I have an app that right now needs to download hundreds of small PDF's based on the users selection. The problem I am running into is that it is taking a significant amount of time because every time it has to open a new connection. I know that I could use GCD to do an async download, but how would I go about doing this in batches of like 10 files or so. Is there a framework that already does this, or is this something I will have to build my self?
I'm sure there are lots of wonderful solutions for this, but I wrote a little downloader manager to handle this scenario, where you want to download a bunch of files. Just add the individual downloads to the download manager, and as one finishes, it will kick off the next queued one. You can specify how many you want it to do concurrently (which I default to four), so therefore there's no batching needed. If nothing else, this might provoke some ideas of how you might do this in your own implementation.
Note, this offers two advantages:
I've attempted to describe the classes involved and proper operation on the main page at the Download Manager github page.
I should say, though, that this was designed to solve a particular problem, where I wanted to track the progress of downloads of large files as they're being downloaded and where I didn't want to ever hold the entire in memory at one time (e.g., if you're downloading a 100mb file, do you really want to hold that in RAM while downloading?).
While my solution solves those problem, if you don't need that, there are far simpler solutions using operation queues. In fact you even hint at this possibility:
I have to say that doing an async download strikes me as the right solution, rather than trying to mitigate the download performance problem by downloading in batches.
You talk about using GCD queues. Personally, I'd just create an operation queue so that I could specify how many concurrent operations I wanted, and download the individual files using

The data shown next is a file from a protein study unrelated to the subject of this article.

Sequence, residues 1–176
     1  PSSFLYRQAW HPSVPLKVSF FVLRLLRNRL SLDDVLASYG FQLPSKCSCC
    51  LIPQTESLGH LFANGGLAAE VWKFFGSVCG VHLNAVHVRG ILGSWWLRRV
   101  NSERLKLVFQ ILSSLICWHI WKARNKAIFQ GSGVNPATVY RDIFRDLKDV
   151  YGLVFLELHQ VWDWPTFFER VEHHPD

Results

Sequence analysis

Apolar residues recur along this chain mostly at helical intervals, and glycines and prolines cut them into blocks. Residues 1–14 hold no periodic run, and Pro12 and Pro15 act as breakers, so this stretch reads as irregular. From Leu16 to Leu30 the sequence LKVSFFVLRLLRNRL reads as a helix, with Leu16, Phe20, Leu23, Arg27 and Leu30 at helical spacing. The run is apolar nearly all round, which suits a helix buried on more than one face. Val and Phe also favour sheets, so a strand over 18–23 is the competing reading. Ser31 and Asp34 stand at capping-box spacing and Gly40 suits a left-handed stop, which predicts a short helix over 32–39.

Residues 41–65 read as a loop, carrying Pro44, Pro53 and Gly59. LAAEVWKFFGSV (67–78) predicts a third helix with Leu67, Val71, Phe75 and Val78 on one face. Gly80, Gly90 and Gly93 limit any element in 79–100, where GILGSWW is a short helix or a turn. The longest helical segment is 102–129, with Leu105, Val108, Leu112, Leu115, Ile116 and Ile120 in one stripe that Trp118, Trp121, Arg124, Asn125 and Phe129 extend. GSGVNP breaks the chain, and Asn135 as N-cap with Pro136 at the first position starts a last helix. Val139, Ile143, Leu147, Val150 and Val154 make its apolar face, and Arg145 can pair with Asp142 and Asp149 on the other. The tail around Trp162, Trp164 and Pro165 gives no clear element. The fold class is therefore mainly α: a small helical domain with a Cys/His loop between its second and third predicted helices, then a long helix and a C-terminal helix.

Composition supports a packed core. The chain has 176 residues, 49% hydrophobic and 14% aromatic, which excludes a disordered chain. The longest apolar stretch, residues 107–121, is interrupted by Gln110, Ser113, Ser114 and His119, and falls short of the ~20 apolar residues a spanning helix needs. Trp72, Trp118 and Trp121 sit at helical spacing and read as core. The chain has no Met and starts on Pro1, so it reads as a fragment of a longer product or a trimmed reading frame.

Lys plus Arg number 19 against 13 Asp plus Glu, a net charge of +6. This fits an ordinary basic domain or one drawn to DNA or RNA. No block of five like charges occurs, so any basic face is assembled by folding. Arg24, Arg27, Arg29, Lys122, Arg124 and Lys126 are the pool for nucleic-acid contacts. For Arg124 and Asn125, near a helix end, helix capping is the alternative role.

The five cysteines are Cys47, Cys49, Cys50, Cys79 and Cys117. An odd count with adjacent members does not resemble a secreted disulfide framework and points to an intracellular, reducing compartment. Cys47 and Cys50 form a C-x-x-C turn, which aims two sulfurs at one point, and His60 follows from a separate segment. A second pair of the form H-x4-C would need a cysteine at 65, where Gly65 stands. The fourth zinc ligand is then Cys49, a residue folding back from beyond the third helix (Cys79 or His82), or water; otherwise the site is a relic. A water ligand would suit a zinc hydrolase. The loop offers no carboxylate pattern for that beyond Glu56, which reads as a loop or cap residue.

So, for example, assuming you had an array of URLs of files to download it might be:
Nice and simple. And by setting
And if you need to be notified when the operations are done, you could do something like:
This will do the same thing, except it will call
Perhaps, given that your downloads take a "significant amount of time", you might want them to continue downloading even after the app has gone into the background. If so, you can use
By the way, this assumes your app delegate has a
And that the app delegate will set that property if the app was awaken to handle
For an Apple demonstration of the background
If all of the PDFs are coming from a server you control then one option would be to have a single request pass a list of files you want (as query parameters on the URL). Then your server could zip up the requested files into a single file.
This would cut down on the number of individual network requests you need to make. Of course you need to update your server to handle such a request and your app needs to unzip the returned file. But this is much more efficient than making lots of individual network requests.
Use an NSOperationQueue and make each download a separate NSOperation. Set the maximum concurrent operations property on your queue to however many downloads you want to be able to run simultaneously. I'd keep it in the 4-6 range personally.
Here's a good blog post that explains how to make concurrent operations. http://www.dribin.org/dave/blog/archives/2009/05/05/concurrent_operations/
There is nothing to "build". Just loop through the next 10 files each time in 10 threads and get the next file when a thread finishes.